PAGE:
Nebraska set a school record on Saturday with 86,818 fans attending the spring game in Lincoln, the first under new head coach Scott Frost. It was the first time Nebraska recorded a crowd over 80,000 during the past five years. Nebraska surged to the top of the Big Ten spring attendance standings as well, and stayed comfortably ahead after Penn State recorded an estimated 71,000 fans at its spring game on Saturday. Ohio State had led the Big Ten the previous three years but stadium renovations limited Ohio State to 79,000 available seats this year at Ohio Stadium, and weather and schedule adjustments to the spring game resulted in a crowd of 47,803 for Ohio State’s spring game.
The SEC once again dominated spring game attendance numbers this year. With LSU and Mississippi State numbers still pending, the SEC has five schools in the top 10 in spring game attendance as of today; Georgia, Alabama, Tennessee, Florida, and Texas A&M. As a conference, the SEC eclipsed the 400,000-fan mark for the fourth time in the last five years. Although the Big Ten is typically the second best conference in cumulative spring game attendance, the conference’s number took a big dip this season thanks to weather issues across the conference. Still, the number pulled in by Nebraska, Penn State, and Ohio State helped keep the Big Ten in second place ahead of the ACC.
Keep in mind spring game attendance is treated differently by every school, and the numbers often include estimates so the accuracy can be questioned. Even though there are still a handful of spring games left, none will rival the numbers put up today.
The updated top 10 is listed below, and a full database of spring game attendance can be found here (complete with conference breakdowns and a five-year record of spring game attendance figures by school).
2018 Spring Game Attendance Top 10
- Nebraska – 86,818
- Georgia – 82,184
- Alabama – 74,732
- Penn State – 71,000
- Tennessee – 65,098
- Florida State – 60,934
- Clemson – 55,000
- Florida – 53,015
- Oklahoma – 52,102
- Texas A&M – 48,129
New Tennessee head coach Jeremy Pruit has a message to his players and Tennessee fans. If you are going to enter Neyland Stadium, you better be prepared to work.
Following Tennessee’s spring game in Knoxville, Pruitt reflected on his first spring game as head coach with the media and he was not about to let anyone off the hook for a mediocre performance in the spring game. One thing you never want to hear from a head coach is that some of his players seemingly quit. That was the case for Pruitt today, without naming any specific players.
Even fans received some gripes from the new head coach.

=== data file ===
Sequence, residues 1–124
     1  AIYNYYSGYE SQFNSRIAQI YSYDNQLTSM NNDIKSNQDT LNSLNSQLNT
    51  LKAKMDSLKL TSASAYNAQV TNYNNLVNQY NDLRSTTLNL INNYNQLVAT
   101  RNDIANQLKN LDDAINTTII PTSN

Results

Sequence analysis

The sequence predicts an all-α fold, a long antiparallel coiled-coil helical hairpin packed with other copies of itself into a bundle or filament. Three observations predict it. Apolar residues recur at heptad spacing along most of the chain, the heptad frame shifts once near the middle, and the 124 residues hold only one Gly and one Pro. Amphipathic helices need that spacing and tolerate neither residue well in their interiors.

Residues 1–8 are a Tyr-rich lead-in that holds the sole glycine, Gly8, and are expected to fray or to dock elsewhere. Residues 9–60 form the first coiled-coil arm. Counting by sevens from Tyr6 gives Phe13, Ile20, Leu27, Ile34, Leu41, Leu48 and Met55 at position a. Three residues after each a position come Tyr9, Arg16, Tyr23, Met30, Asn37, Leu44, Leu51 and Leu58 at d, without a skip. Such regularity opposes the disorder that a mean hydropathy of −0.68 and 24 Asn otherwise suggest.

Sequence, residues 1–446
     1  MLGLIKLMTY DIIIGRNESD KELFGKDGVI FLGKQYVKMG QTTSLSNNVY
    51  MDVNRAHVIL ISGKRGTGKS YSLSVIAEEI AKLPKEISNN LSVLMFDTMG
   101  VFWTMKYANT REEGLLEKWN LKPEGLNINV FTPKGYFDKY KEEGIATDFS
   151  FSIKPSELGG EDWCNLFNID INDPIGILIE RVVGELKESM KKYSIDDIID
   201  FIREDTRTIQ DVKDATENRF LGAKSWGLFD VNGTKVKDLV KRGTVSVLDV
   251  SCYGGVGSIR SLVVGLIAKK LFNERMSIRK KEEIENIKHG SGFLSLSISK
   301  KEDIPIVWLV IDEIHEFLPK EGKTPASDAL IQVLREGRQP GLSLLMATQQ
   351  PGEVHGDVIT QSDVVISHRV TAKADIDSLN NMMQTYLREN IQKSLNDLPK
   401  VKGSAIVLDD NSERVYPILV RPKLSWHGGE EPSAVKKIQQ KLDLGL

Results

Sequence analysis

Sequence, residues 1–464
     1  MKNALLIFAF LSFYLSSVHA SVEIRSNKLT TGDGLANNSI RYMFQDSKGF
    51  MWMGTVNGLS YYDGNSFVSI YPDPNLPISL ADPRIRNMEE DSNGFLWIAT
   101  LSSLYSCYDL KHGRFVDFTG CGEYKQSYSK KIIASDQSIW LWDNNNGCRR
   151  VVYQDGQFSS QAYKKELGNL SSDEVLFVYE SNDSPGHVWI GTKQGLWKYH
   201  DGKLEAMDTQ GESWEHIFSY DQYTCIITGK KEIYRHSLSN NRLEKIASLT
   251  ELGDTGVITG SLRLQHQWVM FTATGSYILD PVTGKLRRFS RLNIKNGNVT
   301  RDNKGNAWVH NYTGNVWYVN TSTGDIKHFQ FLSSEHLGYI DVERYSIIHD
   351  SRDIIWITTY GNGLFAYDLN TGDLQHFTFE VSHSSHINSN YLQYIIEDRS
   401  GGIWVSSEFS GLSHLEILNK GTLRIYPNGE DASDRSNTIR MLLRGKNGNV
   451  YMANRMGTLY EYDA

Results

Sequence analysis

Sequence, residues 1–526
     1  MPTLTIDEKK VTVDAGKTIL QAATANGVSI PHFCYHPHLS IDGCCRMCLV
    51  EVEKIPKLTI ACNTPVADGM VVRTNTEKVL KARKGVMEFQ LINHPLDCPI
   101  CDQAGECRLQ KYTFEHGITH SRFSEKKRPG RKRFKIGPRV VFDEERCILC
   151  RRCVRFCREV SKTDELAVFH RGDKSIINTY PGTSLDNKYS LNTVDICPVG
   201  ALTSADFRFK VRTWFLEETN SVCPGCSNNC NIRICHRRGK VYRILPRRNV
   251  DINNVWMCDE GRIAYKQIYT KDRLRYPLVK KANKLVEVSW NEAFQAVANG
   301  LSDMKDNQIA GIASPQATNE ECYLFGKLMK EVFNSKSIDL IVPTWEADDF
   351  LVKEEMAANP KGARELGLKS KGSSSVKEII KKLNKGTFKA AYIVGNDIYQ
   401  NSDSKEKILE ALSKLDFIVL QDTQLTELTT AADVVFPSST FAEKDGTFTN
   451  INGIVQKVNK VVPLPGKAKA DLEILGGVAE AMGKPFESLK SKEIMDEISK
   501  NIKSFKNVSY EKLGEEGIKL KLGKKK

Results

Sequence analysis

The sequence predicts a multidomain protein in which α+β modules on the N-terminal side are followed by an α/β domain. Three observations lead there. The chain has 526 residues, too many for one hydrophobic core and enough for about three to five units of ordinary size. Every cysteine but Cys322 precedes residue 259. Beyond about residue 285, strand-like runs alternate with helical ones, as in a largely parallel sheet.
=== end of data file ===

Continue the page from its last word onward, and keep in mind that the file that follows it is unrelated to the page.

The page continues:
Tennessee estimated a total of 65,098 fans came out to watch the Tennessee spring game, which is an impressive total and right around the average Tennessee typically draws for the spring game. But the crowd buzz must not have impressed Pruitt, who could be setting the tone for the fans in the fall in hopes they turn things up a bit once the games actually matter.
The same message is now being sent to the entire team. Pruitt has a high standard in mind, which is to be expected after being an assistant at Alabama. Was Pruitt truly this displeased with his team’s effort in the spring game? Or was he simply trying to play things down in order to let his players know there will be no room for poor efforts?
If Alabama quarterback Jalen Hurts was looking to build a case for taking the starting job for the Crimson Tide in 2018, he may have to rely on more than his performance in the spring game. Hurts turned in a sub-par performance in Alabama’s spring game on Saturday afternoon, leaving the door wide open for some speculation about his future as Alabama’s spring comes to a close.
Hurts completed 19 of his 37 pass attempts for 195 yards with no touchdowns and one interception. He also was sacked seven times. With Tua Tagovailoa out of action due to injury, Hurts was outperformed by redshirt freshman Mac Jones, who completed 23 of 35 passes for 289 yards and a pair of touchdowns. Jones was also intercepted once and was sacked six times. Of the two quarterbacks, Jones had the more inspiring performance.
Rumors speculating Hurts may end up looking to transfer will only continue to ignore following this spring, especially with Tagovailoa going into the offseason as the new hero in town after guiding Alabama back in the national championship game. It should be worth noting, however, a transfer for Hurts is not guaranteed to happen. That won’t stop fans and media from figuring out what will be next for Hurts.
Hurts’ dad recently suggested his son would be college football’s biggest free agent on the transfer market if he ended up losing the quarterback battle in Tuscaloosa. That may be a slight exaggeration, but there is no question Hurts would have plenty of potential and skill to offer any program he would potentially move to if he decides to leave Alabama. Alabama head coach Nick Saban tried to cool the tension by suggesting there is no reason to be concerned about the whole situation.
But this is Alabama we’re talking about. The Hurts watch is now in full force in Tuscaloosa, whether Saban likes it or not.